There is an immediate and direct connection between the two. Toward the conclusion of Heart of Darkness the narrator, Marlow, describes Kurtz as "hollow to the core" (p72). By this, he means that Kutz is lacking in moral fibre and has been seduced into a facsimile of worship by the dark heart of Africa. This is much the same state as the "quiet and meaningless" and "lost, violent" Hollow Men of the poem, with their "headpiece filled with straw". Indeed it is possible to see the poem as almost an epilogue to the novel, rather than the other way round.
Perhaps the clearest textual link between the two is the obvious spiritual symbolism in The Hollow Men: "death's other kingdom" (heaven), "Five o'clock in the morning" (this is the traditional hour of Christ's resurrection) which imply their emptiness is partly spiritual. It is hard to imagine a greater spiritual emptiness in the eyes of a Christian such as Marlow as to have set oneself up as a literal pagan deity as Kurtz has done. It is actually possible to read the poem as a direct representation of this act, with an unnamed narrator inventing a pagan ritual to avoid mortality: "Not that final meeting / In the twilight kingdom."
There are other flashes of imagery. The Hollow Men meet at "the tumid river" which could be the Congo river, central to the narrative of Heart of Darkness. The book describes Africa as a "kingdom of death", a motif repeated several times in the poem. There are literal hollow men in the book: the severed heads on poles which have been stripped of their contents by ants and vultures.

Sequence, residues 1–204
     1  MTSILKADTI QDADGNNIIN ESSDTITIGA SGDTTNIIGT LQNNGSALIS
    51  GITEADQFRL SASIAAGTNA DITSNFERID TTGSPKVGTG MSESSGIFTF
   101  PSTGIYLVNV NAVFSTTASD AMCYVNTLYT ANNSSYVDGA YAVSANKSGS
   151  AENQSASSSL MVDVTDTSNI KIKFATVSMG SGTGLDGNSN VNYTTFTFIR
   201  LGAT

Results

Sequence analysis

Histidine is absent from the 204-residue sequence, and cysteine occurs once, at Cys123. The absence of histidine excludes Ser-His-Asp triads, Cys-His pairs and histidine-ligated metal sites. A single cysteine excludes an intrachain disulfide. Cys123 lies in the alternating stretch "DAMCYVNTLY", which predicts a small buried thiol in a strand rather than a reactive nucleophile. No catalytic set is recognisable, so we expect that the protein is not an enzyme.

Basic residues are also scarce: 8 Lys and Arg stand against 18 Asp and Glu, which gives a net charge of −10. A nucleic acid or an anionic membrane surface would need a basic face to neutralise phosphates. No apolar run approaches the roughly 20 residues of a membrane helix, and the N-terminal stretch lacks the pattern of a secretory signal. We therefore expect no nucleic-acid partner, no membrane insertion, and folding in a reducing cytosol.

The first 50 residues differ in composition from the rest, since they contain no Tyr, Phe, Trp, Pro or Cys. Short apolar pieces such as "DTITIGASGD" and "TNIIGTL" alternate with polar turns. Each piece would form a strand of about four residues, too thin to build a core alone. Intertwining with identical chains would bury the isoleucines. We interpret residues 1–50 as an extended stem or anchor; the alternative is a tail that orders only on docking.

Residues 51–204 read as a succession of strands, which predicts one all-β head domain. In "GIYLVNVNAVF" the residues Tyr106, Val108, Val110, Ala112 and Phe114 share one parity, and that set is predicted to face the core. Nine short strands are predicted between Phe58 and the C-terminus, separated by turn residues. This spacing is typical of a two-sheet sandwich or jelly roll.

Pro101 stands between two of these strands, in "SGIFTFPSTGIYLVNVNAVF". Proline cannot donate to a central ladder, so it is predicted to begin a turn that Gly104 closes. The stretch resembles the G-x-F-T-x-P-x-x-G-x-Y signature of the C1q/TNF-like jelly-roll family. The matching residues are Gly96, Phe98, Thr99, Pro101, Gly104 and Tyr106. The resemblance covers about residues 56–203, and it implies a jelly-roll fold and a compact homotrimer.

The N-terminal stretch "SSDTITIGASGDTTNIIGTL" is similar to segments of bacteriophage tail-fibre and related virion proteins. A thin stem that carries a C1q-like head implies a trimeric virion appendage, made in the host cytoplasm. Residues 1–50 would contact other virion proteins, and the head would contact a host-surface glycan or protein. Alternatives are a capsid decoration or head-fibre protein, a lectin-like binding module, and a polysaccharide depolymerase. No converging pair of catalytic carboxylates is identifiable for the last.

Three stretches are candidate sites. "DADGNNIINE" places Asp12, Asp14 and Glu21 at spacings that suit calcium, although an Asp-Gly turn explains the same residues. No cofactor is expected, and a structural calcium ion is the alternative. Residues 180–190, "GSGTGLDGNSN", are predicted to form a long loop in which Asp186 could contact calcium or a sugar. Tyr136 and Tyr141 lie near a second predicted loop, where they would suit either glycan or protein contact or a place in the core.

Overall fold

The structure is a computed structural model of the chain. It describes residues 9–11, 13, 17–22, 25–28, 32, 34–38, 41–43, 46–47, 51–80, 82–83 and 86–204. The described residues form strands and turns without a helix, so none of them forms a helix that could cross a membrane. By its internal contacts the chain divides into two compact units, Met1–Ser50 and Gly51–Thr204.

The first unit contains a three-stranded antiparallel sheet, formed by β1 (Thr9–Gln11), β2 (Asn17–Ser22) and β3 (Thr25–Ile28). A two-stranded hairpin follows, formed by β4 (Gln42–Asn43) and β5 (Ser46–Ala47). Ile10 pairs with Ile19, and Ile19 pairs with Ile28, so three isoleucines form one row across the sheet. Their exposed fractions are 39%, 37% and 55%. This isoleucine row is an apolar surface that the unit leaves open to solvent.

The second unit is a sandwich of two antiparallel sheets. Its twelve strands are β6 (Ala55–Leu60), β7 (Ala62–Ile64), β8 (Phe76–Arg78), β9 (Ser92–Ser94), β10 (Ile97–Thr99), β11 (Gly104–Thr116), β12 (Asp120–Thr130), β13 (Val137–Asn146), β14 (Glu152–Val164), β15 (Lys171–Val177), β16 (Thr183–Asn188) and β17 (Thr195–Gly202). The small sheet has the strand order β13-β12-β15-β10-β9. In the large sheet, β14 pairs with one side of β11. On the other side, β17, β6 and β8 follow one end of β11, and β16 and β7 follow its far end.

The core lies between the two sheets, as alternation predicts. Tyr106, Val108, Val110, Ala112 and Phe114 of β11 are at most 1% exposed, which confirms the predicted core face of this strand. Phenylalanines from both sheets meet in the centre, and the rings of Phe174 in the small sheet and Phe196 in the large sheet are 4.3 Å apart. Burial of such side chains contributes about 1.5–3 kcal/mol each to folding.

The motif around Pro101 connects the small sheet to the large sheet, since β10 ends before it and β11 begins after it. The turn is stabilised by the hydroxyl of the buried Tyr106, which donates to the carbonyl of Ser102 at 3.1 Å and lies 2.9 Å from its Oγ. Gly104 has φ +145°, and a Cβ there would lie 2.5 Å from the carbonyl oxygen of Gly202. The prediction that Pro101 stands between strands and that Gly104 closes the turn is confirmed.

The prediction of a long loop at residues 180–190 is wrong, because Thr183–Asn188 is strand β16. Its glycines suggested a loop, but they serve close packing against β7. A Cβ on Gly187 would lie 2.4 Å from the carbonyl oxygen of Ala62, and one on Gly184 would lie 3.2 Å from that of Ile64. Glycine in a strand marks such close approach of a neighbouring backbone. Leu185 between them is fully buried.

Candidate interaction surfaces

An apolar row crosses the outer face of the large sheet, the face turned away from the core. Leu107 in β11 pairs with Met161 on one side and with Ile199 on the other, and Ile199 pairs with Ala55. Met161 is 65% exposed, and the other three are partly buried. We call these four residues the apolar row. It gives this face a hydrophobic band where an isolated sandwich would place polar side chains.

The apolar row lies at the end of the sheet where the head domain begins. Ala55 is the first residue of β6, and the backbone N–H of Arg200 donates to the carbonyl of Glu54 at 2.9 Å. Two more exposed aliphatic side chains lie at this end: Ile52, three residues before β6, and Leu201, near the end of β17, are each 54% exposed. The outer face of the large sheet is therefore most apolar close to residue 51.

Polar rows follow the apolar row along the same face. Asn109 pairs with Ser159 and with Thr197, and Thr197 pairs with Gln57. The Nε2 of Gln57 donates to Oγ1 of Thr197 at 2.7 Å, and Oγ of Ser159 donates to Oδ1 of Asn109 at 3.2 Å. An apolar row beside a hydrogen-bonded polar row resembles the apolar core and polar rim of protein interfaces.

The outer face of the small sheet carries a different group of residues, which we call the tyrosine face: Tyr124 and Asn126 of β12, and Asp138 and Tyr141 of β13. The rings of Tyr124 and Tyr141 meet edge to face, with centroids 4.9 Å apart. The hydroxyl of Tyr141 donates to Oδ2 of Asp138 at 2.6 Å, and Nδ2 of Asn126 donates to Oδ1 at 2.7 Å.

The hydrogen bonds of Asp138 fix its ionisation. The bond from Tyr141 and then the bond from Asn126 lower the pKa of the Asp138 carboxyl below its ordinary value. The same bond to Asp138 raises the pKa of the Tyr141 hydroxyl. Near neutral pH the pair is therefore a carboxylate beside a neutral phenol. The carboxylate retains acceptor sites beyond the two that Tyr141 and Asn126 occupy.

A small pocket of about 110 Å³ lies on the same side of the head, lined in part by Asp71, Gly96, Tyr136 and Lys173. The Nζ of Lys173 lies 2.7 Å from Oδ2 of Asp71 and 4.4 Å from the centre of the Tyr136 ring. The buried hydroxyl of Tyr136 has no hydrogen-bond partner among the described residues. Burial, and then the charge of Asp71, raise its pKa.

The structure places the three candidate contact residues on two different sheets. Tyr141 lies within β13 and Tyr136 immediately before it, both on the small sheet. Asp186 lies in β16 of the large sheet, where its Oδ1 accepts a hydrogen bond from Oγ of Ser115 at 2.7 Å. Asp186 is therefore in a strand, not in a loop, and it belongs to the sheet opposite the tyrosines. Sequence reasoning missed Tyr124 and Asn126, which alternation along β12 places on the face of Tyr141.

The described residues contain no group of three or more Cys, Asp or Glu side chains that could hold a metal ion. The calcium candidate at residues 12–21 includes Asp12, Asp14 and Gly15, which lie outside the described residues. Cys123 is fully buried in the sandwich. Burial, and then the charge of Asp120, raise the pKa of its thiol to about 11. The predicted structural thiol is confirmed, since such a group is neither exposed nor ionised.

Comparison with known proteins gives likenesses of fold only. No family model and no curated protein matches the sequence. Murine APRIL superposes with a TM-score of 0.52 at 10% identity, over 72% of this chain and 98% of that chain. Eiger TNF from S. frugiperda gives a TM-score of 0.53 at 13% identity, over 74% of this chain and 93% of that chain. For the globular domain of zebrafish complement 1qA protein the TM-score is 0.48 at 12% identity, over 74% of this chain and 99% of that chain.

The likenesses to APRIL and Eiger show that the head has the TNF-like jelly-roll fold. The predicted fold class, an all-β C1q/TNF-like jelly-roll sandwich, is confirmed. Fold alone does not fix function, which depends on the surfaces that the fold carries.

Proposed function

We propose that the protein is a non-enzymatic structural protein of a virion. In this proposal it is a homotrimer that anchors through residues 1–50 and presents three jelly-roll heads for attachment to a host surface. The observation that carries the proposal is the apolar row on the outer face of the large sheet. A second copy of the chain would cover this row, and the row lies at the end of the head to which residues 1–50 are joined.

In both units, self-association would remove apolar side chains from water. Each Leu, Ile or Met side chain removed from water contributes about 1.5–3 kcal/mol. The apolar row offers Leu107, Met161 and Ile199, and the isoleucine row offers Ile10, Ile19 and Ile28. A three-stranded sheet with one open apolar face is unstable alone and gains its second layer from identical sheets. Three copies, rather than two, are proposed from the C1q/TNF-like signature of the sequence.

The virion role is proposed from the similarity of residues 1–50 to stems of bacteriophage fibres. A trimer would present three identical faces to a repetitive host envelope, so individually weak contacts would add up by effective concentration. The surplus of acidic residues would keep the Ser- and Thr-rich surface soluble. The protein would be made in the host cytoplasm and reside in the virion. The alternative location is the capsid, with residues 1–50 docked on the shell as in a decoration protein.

"food for thought and also for the vultures if there had been any looking down
from the sky; but at all events for such ants as were industrious enough to ascend the pole"
During the events of the novel, Marlow has a near-death experience, which he describes thus:
"a vision of grayness without form filled with physical pain, and a careless contempt for the evanescence of all things."
Which is a description of hollowness. The grayness of the vision corresponds to the "twilight" and the "shadow" and the "sightless" in the poem. The evanescence of things is the spiritual emptiness that suffuses the poem.
Finally, the famous final couplet of the poem "This is the way the world ends / Not with a bang but a whimper" could be read as a description of Kurtz's equally famous final words:
"He cried in a whisper at some image, at some vision—he cried out twice, a cry that was no more than a breath:
'The horror! The horror!'"
- The Savage and the City in the Work of T.S. Eliot. Clarendon Press, 1987.
- Conflicts in Consciousness: T.S. Eliot’s Poetry and Criticism. Urbana: University of Illinois Press, 1984.
- T.S. Eliot’s Poetry and Plays: A Study in Sources and Meaning. Chicago: University of Chicago Press, 1956.